6 ways to reduce waste on site

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If you could cut off or even just minimise the amount of time being wasted on non-value-added activities, imagine the time and focus you would be able to give to critical tasks.

Construction Site Team | LetsBuild

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You have seen it all before — workers waiting idly on site, subcontractors arriving early only to leave and come back later — because a delay has made the site unavailable for their specific jobs or materials they need have not yet arrived.

These things are all too common and every time scenarios like these take place, time is wasted, conflicts happen, and claims arise. In turn, more non-value-added activities result just so to resolve the missteps and delays.

Considering that nearly 2/3 of the work involved in delivering a construction project consists of non-value-added activities, it is crucially important to focus on the root causes and how to correct them. For instance, most project managers have their programmes and schedules locked into MS Project. In order to adjust them with ongoing site improvements, they have to look through updates coming from their WhatsApp messages, emails, text messages, meeting notes, and phone calls. As these sources of information are all disparate and not connected to the related scheduled tasks, project managers typically get buried under a mountain of unnecessary admin work.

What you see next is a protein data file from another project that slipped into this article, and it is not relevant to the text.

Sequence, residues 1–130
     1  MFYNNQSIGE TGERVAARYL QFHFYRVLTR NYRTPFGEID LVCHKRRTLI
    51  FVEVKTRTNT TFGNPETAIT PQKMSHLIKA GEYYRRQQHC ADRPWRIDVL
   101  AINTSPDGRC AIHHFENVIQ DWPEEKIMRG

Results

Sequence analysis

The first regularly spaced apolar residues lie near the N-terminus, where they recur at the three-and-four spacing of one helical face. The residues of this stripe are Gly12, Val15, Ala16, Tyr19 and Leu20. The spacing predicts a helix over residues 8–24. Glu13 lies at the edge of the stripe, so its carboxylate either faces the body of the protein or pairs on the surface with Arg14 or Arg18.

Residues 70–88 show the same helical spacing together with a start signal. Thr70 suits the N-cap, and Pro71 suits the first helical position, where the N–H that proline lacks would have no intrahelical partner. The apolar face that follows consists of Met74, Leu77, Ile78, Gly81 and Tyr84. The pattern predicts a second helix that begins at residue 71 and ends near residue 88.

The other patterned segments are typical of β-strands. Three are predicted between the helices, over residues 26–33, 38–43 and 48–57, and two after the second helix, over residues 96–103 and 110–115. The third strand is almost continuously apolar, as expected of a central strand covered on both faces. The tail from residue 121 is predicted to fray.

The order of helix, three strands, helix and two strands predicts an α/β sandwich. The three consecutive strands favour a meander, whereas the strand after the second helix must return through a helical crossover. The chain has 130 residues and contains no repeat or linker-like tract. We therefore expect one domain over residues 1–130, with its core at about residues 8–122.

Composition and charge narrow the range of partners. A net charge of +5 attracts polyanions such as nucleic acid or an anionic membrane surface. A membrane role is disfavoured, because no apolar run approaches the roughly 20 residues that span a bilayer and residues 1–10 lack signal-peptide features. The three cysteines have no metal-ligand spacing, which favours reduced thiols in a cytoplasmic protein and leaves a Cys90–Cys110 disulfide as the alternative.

If you could cut off or even just minimise the amount of time being wasted on non-value-added activities, imagine the time and focus you would be able to give to critical tasks. Think about the impact this could have on your project, your profitability and your success.

Common types of waste in construction

When talking about construction waste, most people only think about the materials or equipment being damaged, overused or lost during the construction process. Many people forget about the non-value-added processes that waste so much time and resources. To understand non-value-added activities, let us first define what a value-added activity is. A value-added activity is any activity that fulfills any of the three criteria:

  • The activity is being paid for by someone
  • The activity is carried out successfully the first time (no wasteful rework)
  • The activity has a definite and useful impact on the function or form of the final project